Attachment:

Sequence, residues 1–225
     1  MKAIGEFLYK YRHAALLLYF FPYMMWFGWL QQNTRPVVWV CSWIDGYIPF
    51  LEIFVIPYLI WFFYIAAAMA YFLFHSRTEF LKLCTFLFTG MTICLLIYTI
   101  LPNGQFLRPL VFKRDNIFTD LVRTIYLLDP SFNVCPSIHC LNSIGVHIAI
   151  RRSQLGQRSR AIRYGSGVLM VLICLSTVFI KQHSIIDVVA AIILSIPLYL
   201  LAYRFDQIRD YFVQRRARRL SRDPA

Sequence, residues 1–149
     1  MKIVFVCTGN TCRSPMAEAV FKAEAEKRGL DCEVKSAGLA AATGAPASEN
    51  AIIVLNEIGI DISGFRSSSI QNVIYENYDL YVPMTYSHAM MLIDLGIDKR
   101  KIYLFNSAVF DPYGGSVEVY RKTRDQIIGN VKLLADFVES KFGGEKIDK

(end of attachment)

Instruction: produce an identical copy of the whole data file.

Sequence, residues 1–225
     1  MKAIGEFLYK YRHAALLLYF FPYMMWFGWL QQNTRPVVWV CSWIDGYIPF
    51  LEIFVIPYLI WFFYIAAAMA YFLFHSRTEF LKLCTFLFTG MTICLLIYTI
   101  LPNGQFLRPL VFKRDNIFTD LVRTIYLLDP SFNVCPSIHC LNSIGVHIAI
   151  RRSQLGQRSR AIRYGSGVLM VLICLSTVFI KQHSIIDVVA AIILSIPLYL
   201  LAYRFDQIRD YFVQRRARRL SRDPA

Sequence, residues 1–149
     1  MKIVFVCTGN TCRSPMAEAV FKAEAEKRGL DCEVKSAGLA AATGAPASEN
    51  AIIVLNEIGI DISGFRSSSI QNVIYENYDL YVPMTYSHAM MLIDLGIDKR
   101  KIYLFNSAVF DPYGGSVEVY RKTRDQIIGN VKLLADFVES KFGGEKIDK